The quality of the pitches are paramount as the 1st XI play in the Southern Premier League, whose opponents include South Wilts, Havant, Hampshire Academy and Ventnor on the Isle of Wight; the latter venue can cost the club upwards of £300 to take a team over on the ferry from Lymington ... and the 2nd XI play a Ventnor side as well!
"Our second team play in Hampshire County Division 1, our third team play in Hampshire Regional 1 (West) and our 4th team play in Hampshire Regional 3 (West)." The club also run one Sunday side, a midweek side and a Twenty20 side. The Junior Section consists of U9, U11, U13, U15, U17 and U19s, supported by sixteen ECB qualified coaches. Andrew is, himself, a level 2 coach. The club is ECB Clubmark accredited.
Clearly, Andrew has to cater for a lot of cricket, and not just club games but additional tournaments, such as the one he is preparing for as we speak.
"It's never ending," confirms Andrew. "The under 9s play on a Friday evening, the 11s and 15s on Sunday mornings, the 13s and 17s on Thursday evenings and the under 19s at any time! But they are the lifeblood of the club. One of our under 19s, Toby Edwards, scored a maiden century against the Hampshire Academy over the weekend; he's a fabulous cricketer."
The top square is reserved for 1st and 2nd XI matches. It comprises fourteen tracks, with the 1st XI using tracks 6, 7, 8 and 9 and, on occasions, 5 and 10. The 2nd XI reuse these tracks as Andrew sees fit. 12, 13 and 14 are used once early in the season, before being handed over for net practice, utilising a mobile cage, for the remainder of the season. Tracks 1, 2 and 3 are too close to the clubhouse for senior cricket.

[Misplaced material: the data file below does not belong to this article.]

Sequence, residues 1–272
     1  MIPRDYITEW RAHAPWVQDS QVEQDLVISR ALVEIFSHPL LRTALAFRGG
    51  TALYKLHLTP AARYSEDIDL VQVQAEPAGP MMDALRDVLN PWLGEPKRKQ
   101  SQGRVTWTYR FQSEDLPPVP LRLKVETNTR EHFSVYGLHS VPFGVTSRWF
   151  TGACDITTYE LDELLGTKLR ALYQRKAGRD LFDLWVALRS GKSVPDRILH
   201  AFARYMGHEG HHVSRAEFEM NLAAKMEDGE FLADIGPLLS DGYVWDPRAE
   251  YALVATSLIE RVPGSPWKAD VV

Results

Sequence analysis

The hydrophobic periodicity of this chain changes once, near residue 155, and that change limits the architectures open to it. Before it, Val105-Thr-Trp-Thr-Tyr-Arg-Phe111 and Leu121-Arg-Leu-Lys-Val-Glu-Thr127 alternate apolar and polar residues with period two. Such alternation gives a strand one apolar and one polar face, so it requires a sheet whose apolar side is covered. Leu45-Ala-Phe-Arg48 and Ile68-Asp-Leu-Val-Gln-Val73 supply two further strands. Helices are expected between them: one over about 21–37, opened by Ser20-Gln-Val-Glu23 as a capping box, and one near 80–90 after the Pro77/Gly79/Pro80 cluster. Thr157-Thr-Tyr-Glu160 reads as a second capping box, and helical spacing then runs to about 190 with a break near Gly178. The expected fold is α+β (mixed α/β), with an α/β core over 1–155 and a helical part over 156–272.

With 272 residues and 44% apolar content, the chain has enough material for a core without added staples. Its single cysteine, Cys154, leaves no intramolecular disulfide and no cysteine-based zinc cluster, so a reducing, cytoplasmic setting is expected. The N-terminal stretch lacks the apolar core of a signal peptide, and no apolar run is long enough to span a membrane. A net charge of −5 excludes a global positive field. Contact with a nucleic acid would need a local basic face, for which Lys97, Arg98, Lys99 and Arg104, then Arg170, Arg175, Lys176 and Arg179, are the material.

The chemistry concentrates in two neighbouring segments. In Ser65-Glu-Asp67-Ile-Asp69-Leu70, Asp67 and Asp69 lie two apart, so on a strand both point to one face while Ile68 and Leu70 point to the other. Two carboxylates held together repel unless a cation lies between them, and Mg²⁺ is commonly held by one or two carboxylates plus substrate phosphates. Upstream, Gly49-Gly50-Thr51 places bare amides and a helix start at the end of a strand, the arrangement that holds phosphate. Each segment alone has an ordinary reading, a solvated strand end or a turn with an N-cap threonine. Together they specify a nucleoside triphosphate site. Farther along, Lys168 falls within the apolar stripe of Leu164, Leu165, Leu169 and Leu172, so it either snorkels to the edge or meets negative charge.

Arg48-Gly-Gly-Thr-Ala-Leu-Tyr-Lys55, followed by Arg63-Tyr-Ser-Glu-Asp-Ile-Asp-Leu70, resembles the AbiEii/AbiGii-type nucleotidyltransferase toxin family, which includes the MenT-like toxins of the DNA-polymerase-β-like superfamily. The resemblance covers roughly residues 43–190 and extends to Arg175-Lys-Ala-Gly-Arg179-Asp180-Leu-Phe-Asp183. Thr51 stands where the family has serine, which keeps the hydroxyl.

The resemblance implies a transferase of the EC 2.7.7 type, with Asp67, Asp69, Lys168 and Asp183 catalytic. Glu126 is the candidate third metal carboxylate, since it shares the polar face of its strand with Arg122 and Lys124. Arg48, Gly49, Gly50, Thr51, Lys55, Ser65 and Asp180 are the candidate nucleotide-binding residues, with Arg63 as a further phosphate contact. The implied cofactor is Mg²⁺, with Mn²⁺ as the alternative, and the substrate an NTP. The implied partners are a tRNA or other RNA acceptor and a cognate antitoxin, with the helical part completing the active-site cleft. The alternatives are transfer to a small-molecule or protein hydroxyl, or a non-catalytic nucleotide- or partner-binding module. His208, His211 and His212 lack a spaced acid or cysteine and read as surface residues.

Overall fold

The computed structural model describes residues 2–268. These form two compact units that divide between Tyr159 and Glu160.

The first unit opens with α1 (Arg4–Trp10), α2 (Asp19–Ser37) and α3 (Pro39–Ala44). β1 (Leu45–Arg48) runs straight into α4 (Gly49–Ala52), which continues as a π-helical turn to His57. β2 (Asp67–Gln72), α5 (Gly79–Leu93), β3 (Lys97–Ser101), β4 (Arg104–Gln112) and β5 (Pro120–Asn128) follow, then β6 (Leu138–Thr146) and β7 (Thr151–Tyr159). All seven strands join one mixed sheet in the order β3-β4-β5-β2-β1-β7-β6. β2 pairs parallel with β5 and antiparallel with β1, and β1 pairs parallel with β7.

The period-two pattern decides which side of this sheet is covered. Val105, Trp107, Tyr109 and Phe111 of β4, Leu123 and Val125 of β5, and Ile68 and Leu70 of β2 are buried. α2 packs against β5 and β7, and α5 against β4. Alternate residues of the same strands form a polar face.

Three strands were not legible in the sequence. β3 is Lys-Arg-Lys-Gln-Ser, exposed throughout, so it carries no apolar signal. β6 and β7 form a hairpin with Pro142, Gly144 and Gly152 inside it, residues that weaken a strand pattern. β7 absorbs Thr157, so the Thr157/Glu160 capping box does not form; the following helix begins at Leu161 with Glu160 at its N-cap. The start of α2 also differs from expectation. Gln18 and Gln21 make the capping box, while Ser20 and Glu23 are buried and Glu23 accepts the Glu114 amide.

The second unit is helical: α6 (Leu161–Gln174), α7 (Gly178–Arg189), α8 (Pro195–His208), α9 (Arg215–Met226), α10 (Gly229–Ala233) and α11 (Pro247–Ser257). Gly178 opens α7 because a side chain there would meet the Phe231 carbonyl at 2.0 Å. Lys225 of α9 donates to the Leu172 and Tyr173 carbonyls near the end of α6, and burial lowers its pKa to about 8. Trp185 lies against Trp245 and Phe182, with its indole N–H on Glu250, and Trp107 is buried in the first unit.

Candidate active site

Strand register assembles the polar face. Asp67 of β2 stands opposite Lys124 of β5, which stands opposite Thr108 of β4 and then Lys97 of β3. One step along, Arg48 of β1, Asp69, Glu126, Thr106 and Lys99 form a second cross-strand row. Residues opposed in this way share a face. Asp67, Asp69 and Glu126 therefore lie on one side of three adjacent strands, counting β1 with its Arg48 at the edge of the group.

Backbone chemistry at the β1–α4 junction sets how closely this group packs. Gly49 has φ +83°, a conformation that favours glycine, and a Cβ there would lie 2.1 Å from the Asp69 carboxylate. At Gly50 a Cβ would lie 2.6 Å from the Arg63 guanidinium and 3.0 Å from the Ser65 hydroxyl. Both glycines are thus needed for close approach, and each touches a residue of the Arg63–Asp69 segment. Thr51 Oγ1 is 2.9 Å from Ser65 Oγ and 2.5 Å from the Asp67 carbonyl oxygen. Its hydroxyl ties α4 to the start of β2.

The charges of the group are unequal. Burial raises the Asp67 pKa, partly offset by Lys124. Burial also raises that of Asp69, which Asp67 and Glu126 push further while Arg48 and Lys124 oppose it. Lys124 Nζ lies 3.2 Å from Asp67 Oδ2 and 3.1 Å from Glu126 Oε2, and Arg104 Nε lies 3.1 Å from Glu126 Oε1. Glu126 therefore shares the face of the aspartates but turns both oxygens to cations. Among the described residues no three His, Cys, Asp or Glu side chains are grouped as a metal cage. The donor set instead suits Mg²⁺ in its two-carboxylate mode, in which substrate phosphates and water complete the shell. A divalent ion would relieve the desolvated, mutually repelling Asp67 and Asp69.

The club do have a two lane net facility, but that is in need of refurbishment. "In truth," explains Andrew, " it needs moving. It's in a rather shaded area of the ground alongside the clubhouse, so the light is never the best. But we need to find a sponsor first!" A preferred spot would seem to be where we are sitting between the two ovals, and close to the electronic scoreboard, but removal of the walnut tree seems unlikely!
The bottom pitch consists of nine tracks, which is where the 3rds, 4ths and juniors play the majority of their matches.
The Dennis 560 is used to cut out a match pitch - the club like them at ten and a half feet wide; a Dennis cylinder mower with sulky seat cuts the square and a Ransomes Commander 5-gang is used on the outfield. 'Outside the fence' is maintained by the council to a high standard. They also clean the clubhouse once a week.
During the winter, the council cut the outfield, but Andrew believes that may change any time soon. One suspects that Andrew won't object too much, and he has already planned to take a day off a week to take over the job if it's required.
In March, Andrew and his helpers will be back at the ground to begin their preparations for the coming season.
It begins with a NatWest Cricket Force day when around forty members put out all the sponsors advertising boards, clean the sight screens and undertake countless other tasks.
Meanwhile, Andrew, together with his trusty volunteers, will be carrying out twenty-five hours worth of rolling on both squares, and it is at that point that he fully appreciates the end of season renovations that allow him to provide the quality of pitches required.
As the sun starts to sink, and there are about two hours of daylight left, I have obviously exceeded my 'twenty minutes' and Andrew is clearly itching to get back to doing what he does best; looking after some of the finest cricket pitches in Hampshire.